The Iconic Collection of Djahanguir Riahi

Launch Slideshow

Riahi is a name undeniably associated with the leading collectors of 18th century decorative arts, especially furniture. Many of the iconic masterpieces once in the outstanding collection of Mr and Mrs Djahanguir Riahi are now the pride and joy of great art lovers and scholars. Sotheby’s is honoured to be offering for sale several works particularly dear to Mrs Djahanguir Riahi, in Paris on 6 July. These include classical furniture, objets d’art, silver and paintings. The items originate from many different civilisations and cultures, and demonstrate a rich diversity in style and age. Click ahead to see highlights.

Madame Madame Djahanguir Riahi - Les œuvres que j’ai aimées
Paris | 6 July

The Iconic Collection of Djahanguir Riahi

  • A French parcel-gilt silver reliquary shaped as an angel, Brioude, circa 1480, maker’s mark RL, on an octagonal gilt copper base. Estimate: €30,000-40,000
    Renowned for its cathedral, Saint-Julien, the town of Brioude in the Auvergne, between Clermont-Ferrand and Le Puy, was an important stop on the way to Santiago de Compostela. Artisans in the city flourished thanks to the increasing number of visiting pilgrims.

  • A large parcel-gilt and laquered silver figure of a dancing blackamoor, possibly Bamberg between 1680 and 1720, maker’s mark NR or MR, with Russian import marks for Nikifor Moschalkin, Saint Petersburg, 1786. Estimate: €200,000-400,000
    The silversmith’s mark NR or MR was attributed to Moritz Rachel, whose mark bears the letters MR in an oval according to Rosenberg, in his work Der Goldschmiede Merkzeichen, Frankfurt, 1923, vol. II, No. 1766

  • A gilt-bronze six lights chandelier, Régence, circa 1730. Estimate: €100,000-150,000
    This chandelier is a continuation of the models of chandeliers attributed to André-Charles Boulle circa 1720. The composition here is fairly slender and announces the rocaille style.

  • An important Roman, circa 1783, giallo tigrato marble seated female Leopard, attributed to Antonio Moglia; on a rectangular black marble base. Estimate: €200,000-300,000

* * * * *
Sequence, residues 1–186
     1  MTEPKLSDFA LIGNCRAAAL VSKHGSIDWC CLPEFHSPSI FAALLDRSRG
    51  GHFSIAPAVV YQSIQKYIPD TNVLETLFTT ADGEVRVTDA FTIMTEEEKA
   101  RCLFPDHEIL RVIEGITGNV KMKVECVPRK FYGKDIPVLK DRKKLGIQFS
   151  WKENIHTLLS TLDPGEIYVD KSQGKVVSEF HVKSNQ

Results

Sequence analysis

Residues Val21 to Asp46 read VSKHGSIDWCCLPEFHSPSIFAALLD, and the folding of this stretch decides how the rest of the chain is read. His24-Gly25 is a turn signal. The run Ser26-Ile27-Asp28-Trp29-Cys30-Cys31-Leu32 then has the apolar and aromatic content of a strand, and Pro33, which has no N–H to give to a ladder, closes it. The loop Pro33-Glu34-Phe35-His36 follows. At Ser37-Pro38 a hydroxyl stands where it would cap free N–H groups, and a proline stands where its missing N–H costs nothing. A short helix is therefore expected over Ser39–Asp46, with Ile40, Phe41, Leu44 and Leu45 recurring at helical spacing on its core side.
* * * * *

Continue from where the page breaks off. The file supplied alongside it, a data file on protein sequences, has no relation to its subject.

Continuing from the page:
The Leopard of the Riahi collection is exceptional thanks to the use of marble giallo tigrato. Extremely rare, the composition of the sone reflects the feline’s speckled coat with great elegance.

  • An album leaf from the Late Shah Jahan Album: Portrait of Maharana karan Singh of Mewar (r.1620-1628), with calligraphic panel signed by mir ‘Ali, Persia, 16th Century and Mughal India, circa 1650-58. Estimate: €60,000-80,000
    Just nineteen pages of this remarkable album have remained intact, complete with portraiture and calligraphy (Wright, E., 2008, op. Cit., P. And Appendix 3, pp. 462-466).

  • A gilt-bronze, Sèvres porcelain and citronnier and amaranth secrétaire à abattant, attributed to Adam Weisweiler, probably under the direction ofMartin-Eloi Lignereux, circa 1800. Estimate: €50,000-80,000
    The 18th century was a highly innovative time for furniture development, and the great merchant Dominique Daguerre had the idea of decorating part of his production with porcelain and Wedgwood, for which he obtained the monopoly of importation in 1787.

  • A set of three gilt-bronze mounted blue celadon porcelain vases, the porcelain Qianlong (1735- 1796), the mounts Louis XVI Estimate: €35,000-50,000
    Decorated with birds and plants, these three vases reflect a classic, timeless taste as well as a great elegance.

  • A gilt-bronze mantel clock, late Louis XV, circa 1770, the dial signed PRE LE ROY A PARIS, after the model by François Vion. Estimate: €30,000-50,000
    This pendulum was designed after a drawing preserved in the Doucet library, from the workshop of bronze artist François Vion, who became Master Watchmaker" in 1764. It was realized by Pierre Le Roy, who became Master Watchmaker" in 1737.

  • A gilt-bronze mounted Chinese lacquer, parisian varnish and ebony commode, late Louis XV, circa 1765, stamped J F LELEU and JME. Estimate: €150,000-250,000
    Furniture decorated with Chinese lacquer is rare in the production of Jean-François Leleu who particularly liked the sobriety of geometric inlay decorations or the purity of precious wood panels.

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